Barbara Hogan: ANC often interfered in appointing executives at SOEs

Former Public Enterprises Minister Barbara Hogan is testifying at the state capture commission about her time as minister and whether she was put under pressure to take certain decisions by the Gupta family.

FILE: A video screengrab of Barbara Hogan appearing at the Zondo Commission of Inquiry into state capture on 12 November 2018.

JOHANNESBURG - Former Public Enterprises Minister Barbara Hogan has questioned whether the African National Congress (ANC)’s deployment committee is effective, saying the governing party has often interfered and tried to instruct her on who to appoint to leadership positions at state-owned enterprises (SOEs).

Hogan is testifying at the state capture commission about her time as minister and whether she was put under pressure to take certain decisions by the Gupta family.

Deputy Chief Justice Raymond Zondo asked Hogan if the governing party gets involved in the appointment of board members and senior executives at SOEs.

She confirmed that when she was minister, the ANC’s deployment committee got involved.

“For a handful of people to simply just decide that this is their preferred candidate; on what basis? What transparency is there?”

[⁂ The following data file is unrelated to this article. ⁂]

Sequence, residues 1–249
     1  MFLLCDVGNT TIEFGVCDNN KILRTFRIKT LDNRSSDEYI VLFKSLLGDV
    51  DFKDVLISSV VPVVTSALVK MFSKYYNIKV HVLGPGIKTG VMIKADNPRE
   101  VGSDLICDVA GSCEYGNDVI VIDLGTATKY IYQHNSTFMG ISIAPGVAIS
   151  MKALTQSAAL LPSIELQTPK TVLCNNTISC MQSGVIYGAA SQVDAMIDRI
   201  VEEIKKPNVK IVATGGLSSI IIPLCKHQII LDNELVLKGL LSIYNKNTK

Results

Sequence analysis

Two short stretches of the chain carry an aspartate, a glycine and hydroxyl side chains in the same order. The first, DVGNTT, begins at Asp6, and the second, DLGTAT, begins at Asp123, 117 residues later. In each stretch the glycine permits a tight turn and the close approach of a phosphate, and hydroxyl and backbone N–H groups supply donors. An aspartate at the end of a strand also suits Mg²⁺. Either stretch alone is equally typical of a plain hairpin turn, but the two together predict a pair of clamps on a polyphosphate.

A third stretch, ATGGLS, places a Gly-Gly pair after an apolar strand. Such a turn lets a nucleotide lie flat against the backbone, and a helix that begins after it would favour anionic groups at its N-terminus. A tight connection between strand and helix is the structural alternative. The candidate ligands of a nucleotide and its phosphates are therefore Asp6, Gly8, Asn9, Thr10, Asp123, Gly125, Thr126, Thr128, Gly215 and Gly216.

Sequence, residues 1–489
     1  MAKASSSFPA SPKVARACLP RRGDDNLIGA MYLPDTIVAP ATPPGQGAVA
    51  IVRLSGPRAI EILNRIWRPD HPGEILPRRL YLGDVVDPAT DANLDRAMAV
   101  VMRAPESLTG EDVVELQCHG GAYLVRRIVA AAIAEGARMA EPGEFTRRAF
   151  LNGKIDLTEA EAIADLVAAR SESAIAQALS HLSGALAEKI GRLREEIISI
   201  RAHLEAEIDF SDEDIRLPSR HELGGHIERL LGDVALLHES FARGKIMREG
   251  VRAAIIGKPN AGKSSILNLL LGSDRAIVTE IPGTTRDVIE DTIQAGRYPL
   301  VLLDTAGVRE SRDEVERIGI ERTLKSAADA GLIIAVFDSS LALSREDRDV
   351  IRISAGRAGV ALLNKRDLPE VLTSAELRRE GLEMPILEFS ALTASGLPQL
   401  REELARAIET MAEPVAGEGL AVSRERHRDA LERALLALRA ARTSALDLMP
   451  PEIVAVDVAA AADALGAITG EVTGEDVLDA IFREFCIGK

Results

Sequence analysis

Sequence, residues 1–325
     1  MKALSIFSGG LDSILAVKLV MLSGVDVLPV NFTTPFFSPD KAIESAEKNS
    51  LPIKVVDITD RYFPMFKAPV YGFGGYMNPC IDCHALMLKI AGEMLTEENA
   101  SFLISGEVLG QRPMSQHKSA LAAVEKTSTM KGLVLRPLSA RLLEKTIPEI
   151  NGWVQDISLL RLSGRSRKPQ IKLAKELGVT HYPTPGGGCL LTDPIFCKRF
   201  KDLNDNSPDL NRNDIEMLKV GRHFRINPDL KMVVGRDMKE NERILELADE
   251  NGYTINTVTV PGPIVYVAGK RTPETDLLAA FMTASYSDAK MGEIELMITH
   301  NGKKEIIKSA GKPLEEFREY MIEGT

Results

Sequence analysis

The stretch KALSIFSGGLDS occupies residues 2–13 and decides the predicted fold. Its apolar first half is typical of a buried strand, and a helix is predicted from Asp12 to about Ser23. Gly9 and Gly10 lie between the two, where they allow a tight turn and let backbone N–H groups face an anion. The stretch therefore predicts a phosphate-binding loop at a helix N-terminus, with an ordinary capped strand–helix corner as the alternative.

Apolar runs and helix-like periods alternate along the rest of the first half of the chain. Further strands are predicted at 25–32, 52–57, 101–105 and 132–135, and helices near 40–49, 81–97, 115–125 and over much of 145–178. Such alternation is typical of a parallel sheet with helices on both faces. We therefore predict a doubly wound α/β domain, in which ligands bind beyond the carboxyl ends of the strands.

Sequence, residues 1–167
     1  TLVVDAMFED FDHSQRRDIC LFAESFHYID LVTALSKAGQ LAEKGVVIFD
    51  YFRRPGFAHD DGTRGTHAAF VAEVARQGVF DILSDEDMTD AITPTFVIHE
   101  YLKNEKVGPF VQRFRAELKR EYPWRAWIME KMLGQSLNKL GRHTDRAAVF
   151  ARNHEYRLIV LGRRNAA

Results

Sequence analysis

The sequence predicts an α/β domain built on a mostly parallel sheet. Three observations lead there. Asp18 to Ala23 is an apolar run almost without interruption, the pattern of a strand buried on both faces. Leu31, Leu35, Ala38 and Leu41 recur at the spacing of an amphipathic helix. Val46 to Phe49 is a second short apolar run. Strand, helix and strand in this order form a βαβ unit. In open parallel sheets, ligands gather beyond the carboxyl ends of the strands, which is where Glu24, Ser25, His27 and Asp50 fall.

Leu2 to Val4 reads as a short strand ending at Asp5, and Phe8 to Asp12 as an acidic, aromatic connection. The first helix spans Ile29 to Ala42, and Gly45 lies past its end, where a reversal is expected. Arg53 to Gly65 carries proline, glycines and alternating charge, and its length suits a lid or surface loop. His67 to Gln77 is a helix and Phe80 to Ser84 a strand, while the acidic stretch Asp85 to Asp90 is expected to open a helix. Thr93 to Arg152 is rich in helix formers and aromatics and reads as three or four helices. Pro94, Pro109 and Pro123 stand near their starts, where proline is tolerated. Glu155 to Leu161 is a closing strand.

She says the ANC often interfered and has cited an example where the national working committee tried to instruct her to appoint certain people at SOEs.

“That is an abuse of power and that is usurping executive authority. Why have a minister if you’re going to instruct that minister about what happens? I feel the same way very strongly about Parliament.”

Hogan has warned that government will always be impacted negatively if the ANC’s deployment committee is captured by forces.

'ZUMA'S INTERFERENCE ERODED MY AUTHORITY'

Hogan has told the commission that former President Jacob Zuma often interfered in her work, and as a result, eroded her executive authority.

She also told the commission that Zuma insisted that now suspended Transnet CEO Siyabonga Gama be appointed to the position despite the fact that he was facing a disciplinary hearing at the time.

Hogan says she was appointed minister of Public Enterprises after the Polokwane conference.

She says it was during that time that factional battles encouraged nepotism and patronage.

“Then there were ways that President Zuma and some Cabinet colleagues thwarted my attempts to get Cabinet approval for board appointments. And I stress the word ‘thwarted’.”

Hogan says Zuma’s interference was visible.

“The inexcusable interference with my responsibility as a minister by president Zuma that eroded my executive authority.”

(Edited by Thapelo Lekabe)